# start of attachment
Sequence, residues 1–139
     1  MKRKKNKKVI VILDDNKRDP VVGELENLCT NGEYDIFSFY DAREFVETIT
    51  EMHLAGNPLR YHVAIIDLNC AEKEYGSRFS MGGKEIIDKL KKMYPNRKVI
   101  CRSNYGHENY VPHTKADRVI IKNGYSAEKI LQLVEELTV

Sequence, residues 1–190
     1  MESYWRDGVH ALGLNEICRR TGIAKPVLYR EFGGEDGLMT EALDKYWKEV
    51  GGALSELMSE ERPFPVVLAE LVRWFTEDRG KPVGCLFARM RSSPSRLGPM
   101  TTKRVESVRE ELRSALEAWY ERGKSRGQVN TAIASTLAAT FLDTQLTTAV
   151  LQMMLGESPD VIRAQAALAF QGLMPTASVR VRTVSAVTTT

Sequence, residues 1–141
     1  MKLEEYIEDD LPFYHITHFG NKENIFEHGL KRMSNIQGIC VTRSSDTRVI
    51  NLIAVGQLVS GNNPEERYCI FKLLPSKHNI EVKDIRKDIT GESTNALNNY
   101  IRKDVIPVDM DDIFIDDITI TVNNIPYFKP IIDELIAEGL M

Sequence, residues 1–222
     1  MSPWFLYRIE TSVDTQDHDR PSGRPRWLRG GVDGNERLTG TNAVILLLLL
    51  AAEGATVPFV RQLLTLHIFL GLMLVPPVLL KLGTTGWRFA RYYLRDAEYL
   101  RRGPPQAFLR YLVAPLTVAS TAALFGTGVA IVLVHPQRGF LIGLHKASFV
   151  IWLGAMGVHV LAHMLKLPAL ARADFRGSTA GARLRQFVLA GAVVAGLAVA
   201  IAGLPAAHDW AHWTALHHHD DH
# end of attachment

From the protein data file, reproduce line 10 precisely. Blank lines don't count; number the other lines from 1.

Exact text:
Sequence, residues 1–141